Dallas County

New Daily COVID-19 Cases in Dallas County on Decline; Deaths Remain High

The total of confirmed and probable cases in the county is more than 267,000 in Dallas County since March 2020

NBC 5

Dallas County is reporting 1,019 new COVID-19 cases Sunday along with 11 more reported deaths from the virus.

The number of new daily cases in Dallas County has trended downward for roughly three weeks, from a seven-day average of 2,690 on Jan. 13 to 1,262 Sunday.

While the cases have trended down, the number of fatalities has remained high. Dallas County Health and Human Services reported 228 deaths last week -- the deadliest week of the pandemic.

With the Super Bowl being played Sunday, health officials are urging people not to gather in large groups in hopes of continuing the incremental progress in new case numbers.

"What's also unique about the Super Bowl Sunday gathering is the amount of inherent excitement and jubilation and sometimes lament that goes along with that celebration," said Dr. Mark Casanova, president of the Dallas County Medical Society. "In other words, there's a lot of yelling. And we know that with a greater amount of yelling and projecting of voice comes a greater amount of viral spread."

Want to Get on a Vaccine Waitlist?

County health departments have launched waitlists for adults 16 years old and over.

You can register to recieve the vaccination in Collin, Dallas, Denton and Tarrant counties. Links are below:

Waitlist Links: Collin - Search Waitlist | Dallas | Denton | Tarrant

You do not need to be a resident of the county to register for a COVID-19 vaccine in that county -- registration is open to anyone in Texas. For those without internet access, Tarrant County is also taking registrations by phone at 817-248-6299. In Dallas County, call the DCHHS vaccine hotline at 1-855-IMMUNE9 (1-855-466-8639). In Denton County, call 940-349-2585.

For a more detailed breakdown of who is included in each priority group in Texas, see this page from the Texas DSHS.

Of the cases reported Sunday, the county said 830 were confirmed cases and 189 were probable (antigen test) cases, bringing the total number of confirmed cases in the county from March 2020 to 235,040 and the number of probable (antigen test) cases to 32,314. The total of confirmed and probable cases in the county is now 267,354. Over the last seven reporting days, Dallas County officials have announced 8,837 new confirmed and probable cases of the virus.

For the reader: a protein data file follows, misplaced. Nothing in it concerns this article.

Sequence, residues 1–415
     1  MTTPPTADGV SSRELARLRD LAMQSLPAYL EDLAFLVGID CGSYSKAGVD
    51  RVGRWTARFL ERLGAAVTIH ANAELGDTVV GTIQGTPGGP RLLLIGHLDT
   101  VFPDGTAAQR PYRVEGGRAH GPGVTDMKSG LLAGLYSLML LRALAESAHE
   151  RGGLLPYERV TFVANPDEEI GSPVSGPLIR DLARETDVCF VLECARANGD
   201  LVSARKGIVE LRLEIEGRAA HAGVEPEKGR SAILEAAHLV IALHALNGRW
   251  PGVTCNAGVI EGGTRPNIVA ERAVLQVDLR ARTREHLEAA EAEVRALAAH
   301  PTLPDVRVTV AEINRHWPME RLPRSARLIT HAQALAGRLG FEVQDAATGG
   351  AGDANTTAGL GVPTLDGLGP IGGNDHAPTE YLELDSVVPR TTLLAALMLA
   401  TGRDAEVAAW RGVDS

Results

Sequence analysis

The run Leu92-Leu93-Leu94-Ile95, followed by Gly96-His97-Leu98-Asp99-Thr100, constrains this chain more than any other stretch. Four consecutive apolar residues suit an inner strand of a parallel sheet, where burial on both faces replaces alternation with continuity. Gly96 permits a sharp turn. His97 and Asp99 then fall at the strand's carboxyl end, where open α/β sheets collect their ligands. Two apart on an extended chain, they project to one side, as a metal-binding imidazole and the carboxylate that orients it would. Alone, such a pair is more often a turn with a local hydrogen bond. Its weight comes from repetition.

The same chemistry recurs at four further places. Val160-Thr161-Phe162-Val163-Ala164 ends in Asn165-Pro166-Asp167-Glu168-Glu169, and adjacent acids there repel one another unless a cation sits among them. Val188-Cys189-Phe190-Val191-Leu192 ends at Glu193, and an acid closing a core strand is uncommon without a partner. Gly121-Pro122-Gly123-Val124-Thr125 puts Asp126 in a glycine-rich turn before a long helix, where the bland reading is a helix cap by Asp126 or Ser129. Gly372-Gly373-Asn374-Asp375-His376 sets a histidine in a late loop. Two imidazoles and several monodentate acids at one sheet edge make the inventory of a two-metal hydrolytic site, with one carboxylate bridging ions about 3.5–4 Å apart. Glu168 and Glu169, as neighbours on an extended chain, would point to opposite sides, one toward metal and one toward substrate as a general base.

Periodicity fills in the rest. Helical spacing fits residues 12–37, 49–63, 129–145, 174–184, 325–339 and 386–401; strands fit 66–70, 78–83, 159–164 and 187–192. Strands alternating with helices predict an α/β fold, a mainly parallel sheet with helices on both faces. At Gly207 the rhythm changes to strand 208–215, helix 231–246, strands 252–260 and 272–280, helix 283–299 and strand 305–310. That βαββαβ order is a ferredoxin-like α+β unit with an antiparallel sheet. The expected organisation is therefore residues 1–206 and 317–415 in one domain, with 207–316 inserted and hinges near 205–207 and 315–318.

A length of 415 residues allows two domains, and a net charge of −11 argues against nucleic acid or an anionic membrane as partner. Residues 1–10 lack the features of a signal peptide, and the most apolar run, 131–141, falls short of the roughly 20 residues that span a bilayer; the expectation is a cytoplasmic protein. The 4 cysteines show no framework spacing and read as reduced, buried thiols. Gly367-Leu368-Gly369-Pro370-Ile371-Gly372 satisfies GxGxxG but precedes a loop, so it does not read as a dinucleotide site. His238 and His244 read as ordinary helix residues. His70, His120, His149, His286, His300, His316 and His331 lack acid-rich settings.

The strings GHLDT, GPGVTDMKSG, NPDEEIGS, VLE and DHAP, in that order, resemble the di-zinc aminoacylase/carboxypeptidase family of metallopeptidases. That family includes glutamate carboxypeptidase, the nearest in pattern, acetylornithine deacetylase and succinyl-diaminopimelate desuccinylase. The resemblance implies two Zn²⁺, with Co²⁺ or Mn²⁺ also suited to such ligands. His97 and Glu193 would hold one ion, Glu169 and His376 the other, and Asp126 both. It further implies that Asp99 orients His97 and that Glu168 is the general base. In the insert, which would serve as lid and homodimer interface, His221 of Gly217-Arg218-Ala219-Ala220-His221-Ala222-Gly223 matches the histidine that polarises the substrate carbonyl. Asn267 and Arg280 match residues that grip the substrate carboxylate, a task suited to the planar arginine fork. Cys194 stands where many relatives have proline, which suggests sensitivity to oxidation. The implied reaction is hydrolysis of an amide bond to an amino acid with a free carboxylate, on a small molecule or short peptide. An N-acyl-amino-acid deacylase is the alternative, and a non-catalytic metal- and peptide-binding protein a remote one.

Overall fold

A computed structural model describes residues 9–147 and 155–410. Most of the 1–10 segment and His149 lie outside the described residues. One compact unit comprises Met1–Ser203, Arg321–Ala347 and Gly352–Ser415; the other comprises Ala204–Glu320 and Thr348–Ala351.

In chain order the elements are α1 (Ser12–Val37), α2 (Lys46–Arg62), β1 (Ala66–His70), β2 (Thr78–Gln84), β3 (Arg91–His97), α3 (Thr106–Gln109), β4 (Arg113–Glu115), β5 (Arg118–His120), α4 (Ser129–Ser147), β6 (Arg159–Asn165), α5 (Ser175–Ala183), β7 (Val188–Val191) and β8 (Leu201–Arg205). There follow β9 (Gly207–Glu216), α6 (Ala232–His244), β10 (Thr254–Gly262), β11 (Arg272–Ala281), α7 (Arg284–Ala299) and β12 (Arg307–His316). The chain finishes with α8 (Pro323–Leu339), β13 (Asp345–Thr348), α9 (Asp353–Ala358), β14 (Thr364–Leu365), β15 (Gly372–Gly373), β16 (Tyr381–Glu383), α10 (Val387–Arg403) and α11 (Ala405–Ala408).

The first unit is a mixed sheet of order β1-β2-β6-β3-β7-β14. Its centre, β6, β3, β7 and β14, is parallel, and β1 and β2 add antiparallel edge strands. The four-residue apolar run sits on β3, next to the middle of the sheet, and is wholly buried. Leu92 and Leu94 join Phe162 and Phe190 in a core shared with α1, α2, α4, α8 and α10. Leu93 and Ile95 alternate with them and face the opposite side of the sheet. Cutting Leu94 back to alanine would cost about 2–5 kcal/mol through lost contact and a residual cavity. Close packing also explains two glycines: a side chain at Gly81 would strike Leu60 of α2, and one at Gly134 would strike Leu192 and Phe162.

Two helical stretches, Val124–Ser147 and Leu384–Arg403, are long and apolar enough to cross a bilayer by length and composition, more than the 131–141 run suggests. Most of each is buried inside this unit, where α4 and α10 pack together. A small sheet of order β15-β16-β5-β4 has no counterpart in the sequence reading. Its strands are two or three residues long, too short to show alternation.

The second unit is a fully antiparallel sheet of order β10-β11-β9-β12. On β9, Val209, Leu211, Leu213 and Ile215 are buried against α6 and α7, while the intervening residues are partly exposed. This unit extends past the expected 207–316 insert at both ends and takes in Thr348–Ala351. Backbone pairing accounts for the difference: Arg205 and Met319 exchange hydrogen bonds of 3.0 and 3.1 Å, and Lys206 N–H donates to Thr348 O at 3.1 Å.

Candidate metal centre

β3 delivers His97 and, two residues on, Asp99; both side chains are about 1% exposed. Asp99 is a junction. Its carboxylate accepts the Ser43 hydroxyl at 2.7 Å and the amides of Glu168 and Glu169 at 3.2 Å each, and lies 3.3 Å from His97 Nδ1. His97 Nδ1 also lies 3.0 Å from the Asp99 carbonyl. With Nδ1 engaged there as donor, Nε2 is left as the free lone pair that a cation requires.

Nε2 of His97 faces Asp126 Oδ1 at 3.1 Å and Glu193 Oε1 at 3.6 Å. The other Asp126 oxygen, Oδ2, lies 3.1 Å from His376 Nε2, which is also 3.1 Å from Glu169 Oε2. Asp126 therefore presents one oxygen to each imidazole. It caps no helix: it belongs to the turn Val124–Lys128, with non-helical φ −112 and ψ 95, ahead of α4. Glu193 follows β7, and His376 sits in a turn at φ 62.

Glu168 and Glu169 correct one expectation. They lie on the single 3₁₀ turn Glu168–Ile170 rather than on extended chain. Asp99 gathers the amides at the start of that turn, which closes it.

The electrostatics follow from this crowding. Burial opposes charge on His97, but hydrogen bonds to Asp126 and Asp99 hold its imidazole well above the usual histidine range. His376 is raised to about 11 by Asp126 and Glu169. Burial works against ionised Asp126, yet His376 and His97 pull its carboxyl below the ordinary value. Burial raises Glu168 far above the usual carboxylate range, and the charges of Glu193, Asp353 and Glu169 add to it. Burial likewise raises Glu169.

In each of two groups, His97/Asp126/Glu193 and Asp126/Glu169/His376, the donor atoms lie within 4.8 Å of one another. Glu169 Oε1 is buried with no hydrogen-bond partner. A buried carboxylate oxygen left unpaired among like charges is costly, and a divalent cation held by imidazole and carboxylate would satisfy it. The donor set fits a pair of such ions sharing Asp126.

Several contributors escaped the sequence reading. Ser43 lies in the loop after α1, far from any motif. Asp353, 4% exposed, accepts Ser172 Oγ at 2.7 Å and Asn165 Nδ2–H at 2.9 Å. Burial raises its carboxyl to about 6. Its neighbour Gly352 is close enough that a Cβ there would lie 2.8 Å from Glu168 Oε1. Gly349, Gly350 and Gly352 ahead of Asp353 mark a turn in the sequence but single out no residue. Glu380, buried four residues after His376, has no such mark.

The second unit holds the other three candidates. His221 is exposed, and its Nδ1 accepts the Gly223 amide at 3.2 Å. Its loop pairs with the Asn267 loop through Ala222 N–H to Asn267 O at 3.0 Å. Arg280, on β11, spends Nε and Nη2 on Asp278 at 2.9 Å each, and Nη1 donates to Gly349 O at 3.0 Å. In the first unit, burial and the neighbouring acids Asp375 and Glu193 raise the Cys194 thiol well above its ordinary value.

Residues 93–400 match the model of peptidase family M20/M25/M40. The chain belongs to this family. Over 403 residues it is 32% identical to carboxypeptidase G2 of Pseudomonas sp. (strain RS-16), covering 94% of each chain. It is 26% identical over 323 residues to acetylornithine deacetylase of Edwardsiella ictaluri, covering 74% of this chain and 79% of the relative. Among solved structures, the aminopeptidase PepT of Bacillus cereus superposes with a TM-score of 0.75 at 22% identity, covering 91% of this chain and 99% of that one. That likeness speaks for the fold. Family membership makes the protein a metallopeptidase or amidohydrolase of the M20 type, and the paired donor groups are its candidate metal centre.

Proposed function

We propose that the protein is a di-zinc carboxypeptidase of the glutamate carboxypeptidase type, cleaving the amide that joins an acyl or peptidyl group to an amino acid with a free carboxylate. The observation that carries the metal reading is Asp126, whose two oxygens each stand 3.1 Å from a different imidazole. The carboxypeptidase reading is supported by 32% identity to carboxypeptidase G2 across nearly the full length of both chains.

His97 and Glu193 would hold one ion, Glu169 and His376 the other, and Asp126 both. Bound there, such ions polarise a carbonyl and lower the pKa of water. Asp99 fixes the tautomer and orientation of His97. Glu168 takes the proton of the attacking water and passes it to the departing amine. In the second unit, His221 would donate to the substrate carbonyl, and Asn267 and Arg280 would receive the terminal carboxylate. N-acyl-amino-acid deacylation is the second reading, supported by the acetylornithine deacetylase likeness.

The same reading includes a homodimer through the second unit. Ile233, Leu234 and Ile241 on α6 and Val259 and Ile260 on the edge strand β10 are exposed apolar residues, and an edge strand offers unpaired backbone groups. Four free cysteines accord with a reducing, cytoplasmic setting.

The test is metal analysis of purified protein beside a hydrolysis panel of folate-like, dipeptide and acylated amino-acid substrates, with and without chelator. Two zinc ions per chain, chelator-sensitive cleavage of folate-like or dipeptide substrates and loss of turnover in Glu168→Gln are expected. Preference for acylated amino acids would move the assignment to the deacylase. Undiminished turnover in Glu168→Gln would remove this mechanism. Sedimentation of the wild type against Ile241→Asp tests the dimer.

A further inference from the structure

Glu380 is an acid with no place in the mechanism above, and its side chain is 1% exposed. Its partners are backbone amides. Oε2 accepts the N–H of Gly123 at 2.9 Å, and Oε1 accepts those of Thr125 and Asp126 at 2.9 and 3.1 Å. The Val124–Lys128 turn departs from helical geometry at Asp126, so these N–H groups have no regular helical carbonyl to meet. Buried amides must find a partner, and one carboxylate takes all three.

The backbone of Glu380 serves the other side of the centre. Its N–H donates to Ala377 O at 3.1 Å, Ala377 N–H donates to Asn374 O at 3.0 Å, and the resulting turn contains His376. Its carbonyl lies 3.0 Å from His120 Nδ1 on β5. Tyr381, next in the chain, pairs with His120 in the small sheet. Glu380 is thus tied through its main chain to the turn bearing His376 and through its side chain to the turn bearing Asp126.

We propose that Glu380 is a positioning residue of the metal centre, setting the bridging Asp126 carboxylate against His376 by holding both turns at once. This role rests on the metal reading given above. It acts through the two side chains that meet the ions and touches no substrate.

Hospitalizations for COVID-19 have been trending downward for more than two weeks. Last Friday, Jan. 29, the number of people hospitalized with COVID-19 in Dallas County dropped below 1,000 -- the number reported Saturday was 818 patients through Friday.

Hospitalization data through Saturday was not available.

With the 11 deaths added Sunday, there have now been 2,418 deaths in the county attributed to the virus since March 2020. The latest victims announced Saturday included people whose ages ranged from their 40s to their 90s.

  • A man in his 40s who was a resident of the city of Dallas. He was found deceased at home.
  • A woman in her 50s who was a resident of the city of Dallas. She had been critically ill in an area hospital and had underlying high-risk health conditions.
  • A woman in her 60s who was a resident of the city of Dallas. She had been critically ill in an area hospital and had underlying high-risk health conditions.
  • A woman in her 60s who was a resident of the city of Dallas. She had been critically ill in an area hospital and had underlying high-risk health conditions.
  • A man in his 70s who was a resident of the city of Dallas. He had been critically ill in an area hospital and had underlying high-risk health conditions.
  • A man in his 70s who was a resident of the city of Sunnyvale. He had been critically ill in an area hospital and had underlying high-risk health conditions.